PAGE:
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Dev Sci. 2011 Sep;14(5):1185-93. doi: 10.1111/j.1467-7687.2011.01064.x. Epub 2011 Jul 21.

Changing patterns of neuropsychological functioning in children living at high altitude above and below 4000 m: a report from the Bolivian Children Living at Altitude (BoCLA) study.

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University of Manitoba & St.Amant Research Centre, Winnipeg, Canada.


The brain is highly sensitive to environmental hypoxia. Little is known, however, about the neuropsychological effects of high altitude residence in the developing brain. We recently described only minor changes in processing speed in native Bolivian children and adolescents living at approximately 3700 m. However, evidence for loss of cerebral autoregulation above this altitude (4000 m) suggests a potential threshold of hypoxia severity over which neuropsychological functioning may be compromised. We conducted physiological and neuropsychological assessments in 62 Bolivian children and adolescents living at La Paz (∼3700 m) and El Alto (∼4100 m) in order to address this issue. Groups were equivalent in terms of age, gender, social class, schooling, parental education and genetic admixture. Apart from percentage of hemoglobin saturated with oxygen in arterial blood (%SpO(2)), participants did not differ in their basal cardiac and cerebrovascular performance as explored by heart rate, mean arterial pressure, end-tidal carbon dioxide, and cerebral blood flow velocity at the basilar, anterior, middle and posterior cerebral arteries. A comprehensive neuropsychological assessment was administered, including tests of executive functions, attention, memory and psychomotor performance. Participants living at extreme altitude showed lower levels of performance in all executive tests (Cohen effect size = -0.91), whereas all other domains remained unaffected by altitude of residence. These results are compatible with earlier physiological evidence of a transitional zone for cerebral autoregulation at an altitude of 4000 m. We now show that above this threshold, the developing brain is apparently increasingly vulnerable to neuropsychological deficit.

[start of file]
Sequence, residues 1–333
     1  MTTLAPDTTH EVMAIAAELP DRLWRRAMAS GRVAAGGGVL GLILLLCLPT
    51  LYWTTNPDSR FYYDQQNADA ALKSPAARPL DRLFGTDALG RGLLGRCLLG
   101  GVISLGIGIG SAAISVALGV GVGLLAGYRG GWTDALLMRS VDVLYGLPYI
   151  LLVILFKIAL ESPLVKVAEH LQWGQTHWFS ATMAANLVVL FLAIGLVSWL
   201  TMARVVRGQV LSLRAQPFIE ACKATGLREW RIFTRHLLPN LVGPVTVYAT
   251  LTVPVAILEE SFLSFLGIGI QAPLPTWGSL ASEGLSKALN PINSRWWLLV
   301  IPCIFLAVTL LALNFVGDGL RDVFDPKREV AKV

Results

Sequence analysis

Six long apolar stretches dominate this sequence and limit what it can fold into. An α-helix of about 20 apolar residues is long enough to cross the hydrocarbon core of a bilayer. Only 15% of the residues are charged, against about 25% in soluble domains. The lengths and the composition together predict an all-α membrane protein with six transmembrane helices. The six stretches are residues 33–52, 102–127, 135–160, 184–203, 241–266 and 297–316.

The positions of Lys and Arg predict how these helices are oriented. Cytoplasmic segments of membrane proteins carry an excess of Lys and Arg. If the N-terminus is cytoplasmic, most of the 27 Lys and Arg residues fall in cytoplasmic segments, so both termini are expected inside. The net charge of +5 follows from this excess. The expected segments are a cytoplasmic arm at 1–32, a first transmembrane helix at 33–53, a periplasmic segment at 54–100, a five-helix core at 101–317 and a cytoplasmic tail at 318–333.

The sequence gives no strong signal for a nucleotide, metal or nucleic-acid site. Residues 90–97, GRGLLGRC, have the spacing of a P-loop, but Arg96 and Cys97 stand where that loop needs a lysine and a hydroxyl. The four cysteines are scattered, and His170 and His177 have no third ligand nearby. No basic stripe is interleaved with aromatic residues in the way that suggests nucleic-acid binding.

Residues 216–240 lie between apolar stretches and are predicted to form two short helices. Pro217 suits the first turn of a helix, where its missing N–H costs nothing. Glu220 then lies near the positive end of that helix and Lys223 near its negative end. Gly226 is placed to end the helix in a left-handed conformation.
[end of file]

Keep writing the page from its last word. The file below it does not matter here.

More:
[Indexed for MEDLINE]

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